2 April 2014

Liberia: Ebola Is a Formidable Enemy

The deadly Ebola virus is sparking fear and panic in Guinea. The West African nation faces an epidemic as it battles to contain confirmed cases now ... ( Resource: Ebola Outbreak Sparking Panic in Guinea )


Since Monday When the Liberian government confirmed the presence of the Ebola disease, our people have been panicking. They are alarmed because of the number of persons (78) who have been killed in neighboring Guinea in so short a time.

It's True That Ebola is a contagious disease, which without doubt, has the efficacy to cause havoc on a fragile population like ours. Already overwhelmed by socioeconomic troubles, the presence of Ebola is certainly a nightmare. So far, there are two cases confirmed in Liberia as compared to 136 in Guinea. We do not know what's going to happen in the coming days or weeks, but considering the rapidity of the disease from across Guinea and the reality that people of the two countries regularly interact and engage in commerce and trade, it's highly probable that the figure could rise in our own backyard.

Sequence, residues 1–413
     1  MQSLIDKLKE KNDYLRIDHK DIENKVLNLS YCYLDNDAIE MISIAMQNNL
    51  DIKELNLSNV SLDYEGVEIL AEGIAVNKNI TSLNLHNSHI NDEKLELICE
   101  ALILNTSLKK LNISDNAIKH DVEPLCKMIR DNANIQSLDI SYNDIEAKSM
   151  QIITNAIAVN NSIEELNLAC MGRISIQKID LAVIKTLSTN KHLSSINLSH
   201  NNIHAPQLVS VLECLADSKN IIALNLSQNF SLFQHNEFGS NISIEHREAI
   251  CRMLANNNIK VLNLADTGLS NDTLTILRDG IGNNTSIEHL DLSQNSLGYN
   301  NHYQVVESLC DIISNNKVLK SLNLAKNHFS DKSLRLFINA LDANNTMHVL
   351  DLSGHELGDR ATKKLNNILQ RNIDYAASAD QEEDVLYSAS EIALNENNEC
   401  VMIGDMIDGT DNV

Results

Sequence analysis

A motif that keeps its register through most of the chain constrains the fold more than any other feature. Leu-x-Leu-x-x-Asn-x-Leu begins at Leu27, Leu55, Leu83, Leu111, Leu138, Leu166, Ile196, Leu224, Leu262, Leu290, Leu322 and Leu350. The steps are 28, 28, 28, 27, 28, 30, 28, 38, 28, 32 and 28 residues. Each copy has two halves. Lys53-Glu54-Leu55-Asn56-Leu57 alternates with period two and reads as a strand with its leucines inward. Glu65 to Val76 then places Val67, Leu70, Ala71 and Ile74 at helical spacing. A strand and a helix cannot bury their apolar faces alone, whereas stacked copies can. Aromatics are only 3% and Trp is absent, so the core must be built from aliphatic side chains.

Some Liberians, Out of fear, are suggesting that Liberia should close its borders with Guinea, just like Senegal did, while others, like members of the National Legislature, are considering the Lofa region an emergency zone. All of these overtures are fine suggestions, but certainly they are not the best to solve the calamity at hand.

We Should Not close our borders with Guinea simply because they are in a serious morass that has taken the lives of some members of their society.

According To The history of Ebola, the first cases of the disease were seen in 1976 in southern Sudan and northern Zaire, located 500 miles apart from each other. More cases occurred in Zaire in 1977 and in Sudan in 1979. The virus was mostly dormant after the initial outbreaks -- however, in 1989, a subtype of the virus caused a scare in Reston, Virginia, when four laboratory workers became infected from cynomolgus monkeys imported from the Philippines. (The Ebola "virus" is actually a group of four subtypes that are 30% to 45% different at the nucleotide level, suggesting that there are four different types of Ebola viruses.)

With This Background, we must be cognizant of the reality that Ebola is a formidable enemy that has the potential to cause serious problems. Therefore, it is important for government to put some money aside for preventive mechanism while we rally support from the international community.

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